Disclaimer: This information is provided as a general overview of a complex topic. It can be hard to know which medicines you would have to pay for yourself. There might also be changes in Patient Support Programs (PSP) and this information may become outdated. For specific questions, ask your insurance company or the manufacturer of the medication  PSP.

Bringing this article to your doctor may help your conversation.

What is CGRP and how is it related to migraine? 

CGRP (calcitonin gene-related peptide) is a substance that is naturally present in our bodies. It plays many roles, including stimulating sensory nerves, which causes pain, and dilating blood vessels. Research has shown that CGRP plays a role in migraine. Blocking CGRP, or the receptor it links to with an antibody could treat migraine. (See more HERE for our summary PDF LINKIN 915).

How many CGRP monoclonal antibodies (also known as MABs) are available in Canada? Are they different?

There are currently 4 MABs approved by Health Canada.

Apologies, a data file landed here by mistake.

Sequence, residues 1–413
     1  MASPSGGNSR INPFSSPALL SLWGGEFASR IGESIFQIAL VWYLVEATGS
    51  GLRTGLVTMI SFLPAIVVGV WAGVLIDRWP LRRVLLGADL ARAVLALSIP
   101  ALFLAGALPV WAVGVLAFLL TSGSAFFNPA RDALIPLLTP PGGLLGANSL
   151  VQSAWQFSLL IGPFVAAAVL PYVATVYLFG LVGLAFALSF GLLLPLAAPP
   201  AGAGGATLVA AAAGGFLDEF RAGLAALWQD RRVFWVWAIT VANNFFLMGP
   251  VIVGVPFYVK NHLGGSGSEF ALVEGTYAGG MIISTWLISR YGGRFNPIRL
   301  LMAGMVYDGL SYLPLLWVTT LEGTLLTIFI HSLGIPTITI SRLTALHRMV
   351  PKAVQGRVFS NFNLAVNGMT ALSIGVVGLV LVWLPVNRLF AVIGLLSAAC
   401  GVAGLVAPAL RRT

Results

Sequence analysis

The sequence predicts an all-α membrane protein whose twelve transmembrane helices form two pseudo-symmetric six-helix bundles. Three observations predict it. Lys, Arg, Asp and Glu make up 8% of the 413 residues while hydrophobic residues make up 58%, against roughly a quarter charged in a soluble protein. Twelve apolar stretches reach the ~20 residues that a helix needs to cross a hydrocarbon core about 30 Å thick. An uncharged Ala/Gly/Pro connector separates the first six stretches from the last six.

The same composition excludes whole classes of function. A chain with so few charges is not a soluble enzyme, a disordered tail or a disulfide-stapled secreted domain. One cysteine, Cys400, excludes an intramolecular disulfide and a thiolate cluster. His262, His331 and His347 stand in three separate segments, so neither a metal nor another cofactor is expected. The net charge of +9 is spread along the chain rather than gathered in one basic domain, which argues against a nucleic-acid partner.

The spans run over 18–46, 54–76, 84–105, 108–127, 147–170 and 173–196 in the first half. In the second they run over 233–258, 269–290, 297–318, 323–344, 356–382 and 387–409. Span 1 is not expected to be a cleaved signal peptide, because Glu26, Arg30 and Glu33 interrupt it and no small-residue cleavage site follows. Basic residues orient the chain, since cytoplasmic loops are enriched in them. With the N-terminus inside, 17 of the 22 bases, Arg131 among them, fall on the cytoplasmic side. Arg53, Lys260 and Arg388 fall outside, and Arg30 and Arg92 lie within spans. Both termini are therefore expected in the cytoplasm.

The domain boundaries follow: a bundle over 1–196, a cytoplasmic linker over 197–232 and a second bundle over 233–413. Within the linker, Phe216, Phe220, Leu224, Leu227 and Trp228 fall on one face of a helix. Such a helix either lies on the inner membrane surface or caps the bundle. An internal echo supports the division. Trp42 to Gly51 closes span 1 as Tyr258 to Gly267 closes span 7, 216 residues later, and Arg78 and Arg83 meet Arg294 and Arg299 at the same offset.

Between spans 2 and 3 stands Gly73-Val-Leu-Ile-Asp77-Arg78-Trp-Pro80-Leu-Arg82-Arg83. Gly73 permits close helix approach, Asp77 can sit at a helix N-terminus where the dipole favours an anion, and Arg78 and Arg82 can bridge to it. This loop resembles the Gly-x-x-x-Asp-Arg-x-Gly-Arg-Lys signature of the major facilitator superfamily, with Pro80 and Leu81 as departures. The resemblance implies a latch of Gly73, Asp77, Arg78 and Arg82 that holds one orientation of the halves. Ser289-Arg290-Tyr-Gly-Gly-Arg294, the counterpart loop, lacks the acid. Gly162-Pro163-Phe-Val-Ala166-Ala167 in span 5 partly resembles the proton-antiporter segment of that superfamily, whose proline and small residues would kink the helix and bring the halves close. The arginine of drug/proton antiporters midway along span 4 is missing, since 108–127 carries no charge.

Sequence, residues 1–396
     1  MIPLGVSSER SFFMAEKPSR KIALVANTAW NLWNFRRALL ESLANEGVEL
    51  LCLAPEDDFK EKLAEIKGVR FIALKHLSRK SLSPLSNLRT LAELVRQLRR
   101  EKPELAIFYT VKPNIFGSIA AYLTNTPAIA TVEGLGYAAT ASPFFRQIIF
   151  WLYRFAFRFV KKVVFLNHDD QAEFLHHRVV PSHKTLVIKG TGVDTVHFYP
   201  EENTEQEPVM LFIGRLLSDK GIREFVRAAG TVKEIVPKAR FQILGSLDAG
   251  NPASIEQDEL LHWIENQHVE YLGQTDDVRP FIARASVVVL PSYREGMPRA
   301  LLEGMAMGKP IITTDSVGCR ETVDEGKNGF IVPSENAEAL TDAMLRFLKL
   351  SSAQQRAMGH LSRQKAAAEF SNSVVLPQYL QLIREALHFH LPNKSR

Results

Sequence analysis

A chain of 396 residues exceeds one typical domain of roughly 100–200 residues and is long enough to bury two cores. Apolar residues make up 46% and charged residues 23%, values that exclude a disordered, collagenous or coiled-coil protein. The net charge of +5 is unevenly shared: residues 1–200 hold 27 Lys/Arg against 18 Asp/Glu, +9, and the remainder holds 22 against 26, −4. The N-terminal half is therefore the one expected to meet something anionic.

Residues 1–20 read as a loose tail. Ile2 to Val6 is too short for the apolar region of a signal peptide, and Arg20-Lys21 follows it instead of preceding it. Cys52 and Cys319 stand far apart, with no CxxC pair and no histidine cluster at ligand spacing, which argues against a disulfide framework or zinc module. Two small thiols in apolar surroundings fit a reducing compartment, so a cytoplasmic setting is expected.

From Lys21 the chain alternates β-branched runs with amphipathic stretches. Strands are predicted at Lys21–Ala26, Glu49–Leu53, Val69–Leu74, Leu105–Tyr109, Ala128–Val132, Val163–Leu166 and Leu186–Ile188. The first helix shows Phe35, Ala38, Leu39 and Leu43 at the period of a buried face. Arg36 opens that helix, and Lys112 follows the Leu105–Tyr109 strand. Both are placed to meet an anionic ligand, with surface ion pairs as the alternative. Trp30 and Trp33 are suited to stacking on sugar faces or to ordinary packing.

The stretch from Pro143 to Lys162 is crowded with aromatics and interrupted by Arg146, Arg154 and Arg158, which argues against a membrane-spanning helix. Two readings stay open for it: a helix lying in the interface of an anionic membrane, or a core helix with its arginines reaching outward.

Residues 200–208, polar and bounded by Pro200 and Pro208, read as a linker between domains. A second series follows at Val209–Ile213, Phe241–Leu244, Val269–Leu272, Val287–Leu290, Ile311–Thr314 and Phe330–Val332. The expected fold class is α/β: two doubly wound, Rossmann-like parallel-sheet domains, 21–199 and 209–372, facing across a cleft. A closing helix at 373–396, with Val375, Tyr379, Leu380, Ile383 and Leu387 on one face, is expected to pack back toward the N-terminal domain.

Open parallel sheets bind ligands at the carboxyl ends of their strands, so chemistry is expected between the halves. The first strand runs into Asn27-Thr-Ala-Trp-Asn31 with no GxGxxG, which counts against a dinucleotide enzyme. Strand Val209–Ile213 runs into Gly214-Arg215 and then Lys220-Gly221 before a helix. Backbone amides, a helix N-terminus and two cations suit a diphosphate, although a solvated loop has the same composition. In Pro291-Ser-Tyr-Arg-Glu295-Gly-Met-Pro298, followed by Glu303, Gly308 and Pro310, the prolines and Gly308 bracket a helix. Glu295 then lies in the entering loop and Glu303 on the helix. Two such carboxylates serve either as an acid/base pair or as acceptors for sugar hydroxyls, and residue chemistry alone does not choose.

1. Aimovig (erenumab)

2. Ajovy (fremanezumab)

3. Emgality (galcanezumab)

4. Vyepti (eptinezumab)

Who pays for these medications?

There are two main payers: public drug plans (government) and private insurance plans (through an employer).

Private insurers make their own decisions. Some private payers have decided to cover CGRP antibodies, usually with clinical criteria (headache frequency, previous medication failure).

Public insurers (linked to provincial Health Ministries) make decisions based on recommendations by an agency called CADTH.

All the medications listed above are available in Canada. Many private insurance companies have included these medications on their drug plans although the criteria from one insurance company to another may vary.